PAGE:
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Ensuring chemical lab fire safety: attending the NFPA 45 technical committee

By Scott Starr, marketing director for Firetrace International

This week I represented Firetrace at the NFPA 45 technical committee conference for the next revision of the ‘Standard on Fire Protection for Laboratories Using Chemicals’.  This is one of five committees related to either fire suppression systems or applications that we are directly involved in, although we provide input on countless more.

The NFPA codes and standards provide guidance for everything from type and placement of handheld fire extinguishers, to the quantity of and placement of hazardous chemicals in a building.

If I’m honest, I wasn’t sure what to expect. If you’ve never read an NFPA code or standard, at first glance they can look like an intimidating combination of a foreign language, a legal document and the ten commandments (lots and lots of “thou shall”).  They’re quite a dry read.

However, it’s important to remember that the sole purpose and intent of each standard or code is truly to ensure safety.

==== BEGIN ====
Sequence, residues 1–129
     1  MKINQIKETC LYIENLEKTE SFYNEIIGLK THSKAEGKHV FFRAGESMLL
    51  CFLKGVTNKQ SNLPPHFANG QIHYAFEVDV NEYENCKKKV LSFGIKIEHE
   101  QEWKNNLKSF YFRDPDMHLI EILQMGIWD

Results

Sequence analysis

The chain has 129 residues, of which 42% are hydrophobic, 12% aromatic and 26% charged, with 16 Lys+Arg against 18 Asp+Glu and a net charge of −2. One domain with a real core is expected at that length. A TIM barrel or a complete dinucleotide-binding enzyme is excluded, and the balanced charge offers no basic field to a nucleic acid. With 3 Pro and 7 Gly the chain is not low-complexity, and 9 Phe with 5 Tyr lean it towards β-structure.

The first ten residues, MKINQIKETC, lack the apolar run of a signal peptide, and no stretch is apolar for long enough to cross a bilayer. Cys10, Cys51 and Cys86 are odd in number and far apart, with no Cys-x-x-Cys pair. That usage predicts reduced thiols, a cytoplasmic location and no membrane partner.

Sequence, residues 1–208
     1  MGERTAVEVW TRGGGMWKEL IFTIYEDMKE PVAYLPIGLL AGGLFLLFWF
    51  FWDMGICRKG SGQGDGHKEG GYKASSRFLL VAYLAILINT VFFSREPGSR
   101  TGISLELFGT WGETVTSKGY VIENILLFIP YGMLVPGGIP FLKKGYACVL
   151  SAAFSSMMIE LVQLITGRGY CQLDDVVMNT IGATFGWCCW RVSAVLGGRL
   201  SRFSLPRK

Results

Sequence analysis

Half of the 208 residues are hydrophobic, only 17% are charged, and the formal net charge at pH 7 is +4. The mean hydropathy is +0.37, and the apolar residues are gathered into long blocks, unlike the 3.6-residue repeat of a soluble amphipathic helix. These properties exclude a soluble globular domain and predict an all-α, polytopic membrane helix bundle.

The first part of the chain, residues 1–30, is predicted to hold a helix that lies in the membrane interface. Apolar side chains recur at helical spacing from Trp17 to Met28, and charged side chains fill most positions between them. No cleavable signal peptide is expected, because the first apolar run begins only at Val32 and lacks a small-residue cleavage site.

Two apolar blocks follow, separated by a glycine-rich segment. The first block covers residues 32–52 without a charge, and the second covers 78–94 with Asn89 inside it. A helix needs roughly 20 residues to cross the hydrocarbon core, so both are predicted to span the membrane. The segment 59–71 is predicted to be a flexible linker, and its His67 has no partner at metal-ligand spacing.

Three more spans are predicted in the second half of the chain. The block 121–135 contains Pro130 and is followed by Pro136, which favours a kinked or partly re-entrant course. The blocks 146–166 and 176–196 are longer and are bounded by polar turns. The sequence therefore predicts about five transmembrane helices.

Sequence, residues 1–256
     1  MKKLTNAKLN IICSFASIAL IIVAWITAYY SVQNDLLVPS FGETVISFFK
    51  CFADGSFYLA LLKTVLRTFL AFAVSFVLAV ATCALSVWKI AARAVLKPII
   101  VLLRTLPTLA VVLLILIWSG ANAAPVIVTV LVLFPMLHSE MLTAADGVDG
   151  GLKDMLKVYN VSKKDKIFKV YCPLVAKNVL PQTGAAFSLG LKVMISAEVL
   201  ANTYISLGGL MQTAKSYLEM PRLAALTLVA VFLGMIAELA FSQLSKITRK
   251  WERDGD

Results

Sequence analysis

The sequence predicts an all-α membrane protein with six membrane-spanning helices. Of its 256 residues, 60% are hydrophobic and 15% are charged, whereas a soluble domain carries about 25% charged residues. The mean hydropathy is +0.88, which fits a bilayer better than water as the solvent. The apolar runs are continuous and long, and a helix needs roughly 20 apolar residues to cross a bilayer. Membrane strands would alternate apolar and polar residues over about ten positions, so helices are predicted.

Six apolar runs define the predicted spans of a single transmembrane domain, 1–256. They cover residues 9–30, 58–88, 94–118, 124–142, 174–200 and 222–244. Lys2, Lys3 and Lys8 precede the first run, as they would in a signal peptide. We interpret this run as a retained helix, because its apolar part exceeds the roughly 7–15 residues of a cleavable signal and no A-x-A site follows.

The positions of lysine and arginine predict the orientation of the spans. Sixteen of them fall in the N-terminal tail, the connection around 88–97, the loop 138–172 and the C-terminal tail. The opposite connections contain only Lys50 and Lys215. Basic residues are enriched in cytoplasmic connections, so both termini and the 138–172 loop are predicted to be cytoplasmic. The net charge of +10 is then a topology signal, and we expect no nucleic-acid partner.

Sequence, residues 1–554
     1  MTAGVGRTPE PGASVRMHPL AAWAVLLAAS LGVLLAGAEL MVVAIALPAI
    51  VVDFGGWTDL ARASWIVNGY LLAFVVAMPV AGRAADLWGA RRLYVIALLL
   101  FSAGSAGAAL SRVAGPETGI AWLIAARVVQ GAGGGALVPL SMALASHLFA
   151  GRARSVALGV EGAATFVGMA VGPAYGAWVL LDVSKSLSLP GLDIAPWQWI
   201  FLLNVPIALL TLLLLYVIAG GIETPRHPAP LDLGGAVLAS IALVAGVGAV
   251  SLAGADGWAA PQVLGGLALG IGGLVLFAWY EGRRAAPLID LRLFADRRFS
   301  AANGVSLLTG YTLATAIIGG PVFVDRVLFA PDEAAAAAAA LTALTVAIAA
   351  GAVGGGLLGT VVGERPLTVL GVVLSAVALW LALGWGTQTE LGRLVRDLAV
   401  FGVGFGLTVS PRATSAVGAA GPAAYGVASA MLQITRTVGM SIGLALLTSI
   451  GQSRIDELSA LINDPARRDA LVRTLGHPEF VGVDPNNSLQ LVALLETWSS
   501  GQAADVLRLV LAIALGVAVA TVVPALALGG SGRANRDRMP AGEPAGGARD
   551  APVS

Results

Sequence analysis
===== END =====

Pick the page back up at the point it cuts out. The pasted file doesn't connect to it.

Every three to five years each one goes through a revision to make sure we are continuously demanding the best. Every line is scrutinized by both the technical committee of industry experts, as well as by public comments, in an effort to resolve discrepancies and provide clarification, or to make changes based on better information, dealing with trending incidents or the availability of new technology.

In all there are nearly 300 of these committees. They comprise over 8,800 industry volunteers, who either donate their time independently or are sponsored by their organization to ensure that these standards remain the best, most encompassing set of codes they can be for their subject matter.

So it turned out to be my pleasure to join the NFPA 45 technical committee this week for the first steps of the next revision process. I think we can all be thankful for the great effort that goes into these codes and standards used around the world to ensure our safety.